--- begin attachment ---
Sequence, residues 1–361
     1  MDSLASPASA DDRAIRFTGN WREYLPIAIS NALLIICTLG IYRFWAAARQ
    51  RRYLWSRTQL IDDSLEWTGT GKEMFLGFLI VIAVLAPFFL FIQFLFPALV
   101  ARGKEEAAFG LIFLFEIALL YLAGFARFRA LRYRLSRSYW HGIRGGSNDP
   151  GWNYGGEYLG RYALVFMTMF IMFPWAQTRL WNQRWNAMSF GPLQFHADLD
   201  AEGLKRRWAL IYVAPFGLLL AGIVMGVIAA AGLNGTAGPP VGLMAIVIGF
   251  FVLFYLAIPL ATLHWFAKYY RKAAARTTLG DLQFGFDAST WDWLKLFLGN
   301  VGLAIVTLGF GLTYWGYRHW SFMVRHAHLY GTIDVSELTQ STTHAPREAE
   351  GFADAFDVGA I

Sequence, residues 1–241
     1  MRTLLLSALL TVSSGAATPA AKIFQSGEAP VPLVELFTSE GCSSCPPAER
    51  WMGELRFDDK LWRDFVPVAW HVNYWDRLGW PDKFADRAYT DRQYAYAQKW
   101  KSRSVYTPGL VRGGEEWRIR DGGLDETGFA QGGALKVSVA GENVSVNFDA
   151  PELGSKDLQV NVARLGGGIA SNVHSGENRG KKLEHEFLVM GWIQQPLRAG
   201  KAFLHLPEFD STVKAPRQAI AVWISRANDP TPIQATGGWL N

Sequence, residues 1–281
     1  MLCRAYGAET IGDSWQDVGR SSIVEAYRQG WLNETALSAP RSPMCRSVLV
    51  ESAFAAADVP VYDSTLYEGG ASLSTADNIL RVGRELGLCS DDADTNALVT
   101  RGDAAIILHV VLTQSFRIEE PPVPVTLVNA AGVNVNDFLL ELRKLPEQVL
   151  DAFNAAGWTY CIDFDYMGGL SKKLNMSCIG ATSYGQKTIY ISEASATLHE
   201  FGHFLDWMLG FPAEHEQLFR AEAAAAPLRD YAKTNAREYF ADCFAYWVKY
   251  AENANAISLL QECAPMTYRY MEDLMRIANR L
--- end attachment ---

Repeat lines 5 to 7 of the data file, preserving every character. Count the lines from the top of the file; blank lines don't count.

   151  GWNYGGEYLG RYALVFMTMF IMFPWAQTRL WNQRWNAMSF GPLQFHADLD
   201  AEGLKRRWAL IYVAPFGLLL AGIVMGVIAA AGLNGTAGPP VGLMAIVIGF
   251  FVLFYLAIPL ATLHWFAKYY RKAAARTTLG DLQFGFDAST WDWLKLFLGN